Tuesday, September 11, 2007

Lingering Summer Dreams: Berlin and the Future of Socio-Legal Studies

Its been more then a month since the close of the Joint Annual Meeting of the Law and Society Association (LSA) and the Research Committee on Sociology of Law (RCSL of ISA) at Humboldt University in Berlin but my imagination remains lingering on Unter des Lindens, the broad boulevard of 18th Century Berlin that was also the main street of the former Democratic Republic (East Germany). The meeting was an extraordinary success bringing together the largest and most international group of participants ever for a Law & Society meeting domestic or abroad. As a long time member of the LSA, which despite efforts to internationalize remains largely North American and largely US, it was stunning to be in so many sessions where US participants were a minority (even if a disproportionately large one). The extraordinary range of scholarship and in some cases the grandeur of the 18th century lecture halls of old Humboldt (you could imagine Marx slumbering in back of one of Hegel's lectures on a hot summer day) seemed to influence the US scholars I heard who were less inclined to speak of "the" Supreme Court or Congress as if all audiences for socio-legal studies lived in the US. Hearing scholars from countries almost never represented at US meetings, like from Palestine and Iran, also convinced me that a global discourse of socio-legal studies now exists, a robust empiricism that is critical but optimistic about law.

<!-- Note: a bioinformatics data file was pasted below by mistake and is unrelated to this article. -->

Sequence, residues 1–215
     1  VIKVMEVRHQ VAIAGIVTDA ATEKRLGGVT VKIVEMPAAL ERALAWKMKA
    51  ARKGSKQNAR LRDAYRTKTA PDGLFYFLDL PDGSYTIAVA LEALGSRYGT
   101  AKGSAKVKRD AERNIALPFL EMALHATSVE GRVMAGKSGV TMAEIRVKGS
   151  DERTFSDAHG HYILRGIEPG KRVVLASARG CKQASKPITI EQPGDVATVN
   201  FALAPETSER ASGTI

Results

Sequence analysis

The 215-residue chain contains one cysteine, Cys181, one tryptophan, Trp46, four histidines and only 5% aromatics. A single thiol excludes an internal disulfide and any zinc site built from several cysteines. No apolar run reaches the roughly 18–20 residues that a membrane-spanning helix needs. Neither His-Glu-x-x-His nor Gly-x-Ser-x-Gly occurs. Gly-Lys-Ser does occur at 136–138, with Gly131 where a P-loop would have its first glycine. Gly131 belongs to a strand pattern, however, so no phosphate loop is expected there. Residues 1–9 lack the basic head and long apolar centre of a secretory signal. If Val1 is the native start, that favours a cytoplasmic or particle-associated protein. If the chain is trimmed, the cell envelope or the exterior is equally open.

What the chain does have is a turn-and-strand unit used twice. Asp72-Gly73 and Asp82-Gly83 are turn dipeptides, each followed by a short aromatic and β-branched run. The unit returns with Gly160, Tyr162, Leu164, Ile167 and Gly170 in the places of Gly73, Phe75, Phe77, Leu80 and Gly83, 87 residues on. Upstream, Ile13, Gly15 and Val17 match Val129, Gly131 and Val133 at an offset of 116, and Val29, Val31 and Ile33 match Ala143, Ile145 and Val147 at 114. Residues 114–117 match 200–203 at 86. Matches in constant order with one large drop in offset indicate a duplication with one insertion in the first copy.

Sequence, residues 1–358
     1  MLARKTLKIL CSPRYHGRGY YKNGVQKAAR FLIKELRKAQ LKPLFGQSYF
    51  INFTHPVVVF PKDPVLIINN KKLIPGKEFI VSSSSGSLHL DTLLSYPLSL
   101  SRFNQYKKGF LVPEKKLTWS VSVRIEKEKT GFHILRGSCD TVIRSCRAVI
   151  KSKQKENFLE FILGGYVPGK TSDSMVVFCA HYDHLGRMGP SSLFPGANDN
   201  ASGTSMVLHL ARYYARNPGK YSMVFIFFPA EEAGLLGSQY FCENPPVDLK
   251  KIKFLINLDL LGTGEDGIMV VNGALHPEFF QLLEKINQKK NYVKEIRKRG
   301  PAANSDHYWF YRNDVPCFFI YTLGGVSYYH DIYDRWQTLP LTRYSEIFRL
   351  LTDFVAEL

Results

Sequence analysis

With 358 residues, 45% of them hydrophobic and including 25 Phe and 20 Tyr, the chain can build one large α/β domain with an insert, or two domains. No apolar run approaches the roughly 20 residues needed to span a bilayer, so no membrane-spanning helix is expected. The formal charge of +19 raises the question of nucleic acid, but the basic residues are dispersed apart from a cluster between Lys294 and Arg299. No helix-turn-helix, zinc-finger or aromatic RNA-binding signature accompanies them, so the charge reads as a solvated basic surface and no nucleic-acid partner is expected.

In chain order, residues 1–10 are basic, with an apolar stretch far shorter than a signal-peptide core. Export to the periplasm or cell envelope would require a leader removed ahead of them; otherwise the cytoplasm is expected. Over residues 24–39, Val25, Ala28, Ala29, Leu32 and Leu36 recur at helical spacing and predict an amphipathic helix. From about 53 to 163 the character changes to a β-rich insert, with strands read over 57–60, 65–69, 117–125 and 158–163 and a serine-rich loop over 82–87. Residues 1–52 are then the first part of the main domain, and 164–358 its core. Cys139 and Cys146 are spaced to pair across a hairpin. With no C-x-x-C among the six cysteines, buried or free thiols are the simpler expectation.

Berlin itself seemed a canvass of those possibilities. The new architecture of reunification is startling and reassuring. The massive new chancellery rises above the river, but its cupola is glass and inside you can see individual people working their way up a circular staircase. The Brandenburg Tor, symbol of Berlin as an Imperial capital, has the Holocaust memorial next door. The city itself, no longer cut by walls and police towers, seemed to be truly a city of law, teeming streets of strangers, remarkably safe with little evidence of either crime or police repression.

Congratulations to my colleague Malcolm Feeley, whose two year presidency of the Law & Society Association was capped by this extraordinary meeting and city